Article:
Some of the plants that occur to me, based on the description of your site, are Brunnera macrophylla, Epimedium, Geranium phaeum, Stachys byzantina, Lamium maculatum, and Liriope. Of these, the Geranium and Lamium will trail somewhat, while the others are essentially upright.

Graham Rice's article on the Royal Horticultural Society site features a selection of recommended trailing (or spilling) plants. Here is another good list of trailing plants for walls.

You could also try entering your site requirements into the plant-finding and plant selection web pages below:

Great Plant Picks (a local site)

King County's native plant guide

Missouri Botanic Garden Plant Finder

Royal Horticultural Society Plant Finder

The Miller Library has many books on gardening in the shade, so you may wish to come in and do some research to help you in your plant selection. Here is a booklist that may be of interest.

Date 2017-12-09
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Garden Tip

Keywords: Alpine and rock gardening

Alpine and rock garden plants are so cute with their pin-cushion growth habit and tiny, jewel-like flowers. The best way to try growing these specialty plants is in a container. Stone or hypertufa troughs are traditional, but any sturdy pot about 12” deep with a hole in the bottom will do. The critical element for success is very well draining potting medium. Mix in plenty of pumice, perlite or gravel into bagged potting soil. Most alpine plants prefer full sun, but there are species for every light condition. Creating and Planting Garden Troughs by Rex Murfitt and Joyce Fingerut is a great book to get started with trough gardening.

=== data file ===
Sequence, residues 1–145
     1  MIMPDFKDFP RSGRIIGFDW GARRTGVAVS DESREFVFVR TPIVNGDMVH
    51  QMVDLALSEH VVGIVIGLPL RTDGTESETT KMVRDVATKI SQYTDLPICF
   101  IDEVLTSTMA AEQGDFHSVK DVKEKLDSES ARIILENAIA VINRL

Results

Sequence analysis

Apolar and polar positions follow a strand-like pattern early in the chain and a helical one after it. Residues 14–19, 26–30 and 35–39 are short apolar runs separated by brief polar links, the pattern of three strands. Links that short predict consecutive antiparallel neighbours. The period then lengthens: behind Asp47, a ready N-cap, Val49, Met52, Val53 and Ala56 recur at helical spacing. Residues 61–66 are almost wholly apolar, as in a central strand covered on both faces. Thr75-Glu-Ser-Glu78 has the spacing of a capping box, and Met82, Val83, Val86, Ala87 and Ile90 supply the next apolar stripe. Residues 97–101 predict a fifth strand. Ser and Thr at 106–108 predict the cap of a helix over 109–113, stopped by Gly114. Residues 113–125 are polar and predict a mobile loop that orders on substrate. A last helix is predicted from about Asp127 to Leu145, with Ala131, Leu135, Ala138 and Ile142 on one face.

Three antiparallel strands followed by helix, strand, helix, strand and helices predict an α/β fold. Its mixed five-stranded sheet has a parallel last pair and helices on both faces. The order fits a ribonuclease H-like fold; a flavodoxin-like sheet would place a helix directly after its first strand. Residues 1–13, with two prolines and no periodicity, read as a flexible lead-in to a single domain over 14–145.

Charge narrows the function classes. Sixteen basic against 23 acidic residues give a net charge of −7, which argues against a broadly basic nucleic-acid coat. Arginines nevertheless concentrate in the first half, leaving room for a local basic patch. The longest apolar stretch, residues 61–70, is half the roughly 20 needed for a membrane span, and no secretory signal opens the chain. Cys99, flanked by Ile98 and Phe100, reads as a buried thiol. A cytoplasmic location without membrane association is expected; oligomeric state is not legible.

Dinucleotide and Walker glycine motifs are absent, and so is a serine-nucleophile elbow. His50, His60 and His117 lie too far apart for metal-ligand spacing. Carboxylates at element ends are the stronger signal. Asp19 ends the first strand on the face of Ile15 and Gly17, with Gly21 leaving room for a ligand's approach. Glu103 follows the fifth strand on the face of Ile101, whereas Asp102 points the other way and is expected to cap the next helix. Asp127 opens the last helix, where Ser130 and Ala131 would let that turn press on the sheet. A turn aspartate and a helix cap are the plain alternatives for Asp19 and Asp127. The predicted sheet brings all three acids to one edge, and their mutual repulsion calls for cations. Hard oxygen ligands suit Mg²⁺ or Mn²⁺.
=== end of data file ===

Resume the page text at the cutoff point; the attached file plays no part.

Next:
Date: 2017-06-16
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Alpine Plants of the Northwest by Jim Pojar, 2013

Reviewed by: Brian Thompson on 2013-10-01

Alpine plants book jacket Jim Pojar and Andy MacKinnon became household names, at least among those households interested in native plants, with the publication in 1994 of "Plants of the Pacific Northwest Coast". It has been the most popular field guide in the Miller Library ever since its introduction because of its clarity, organization, plant keys, and many features that give it added value.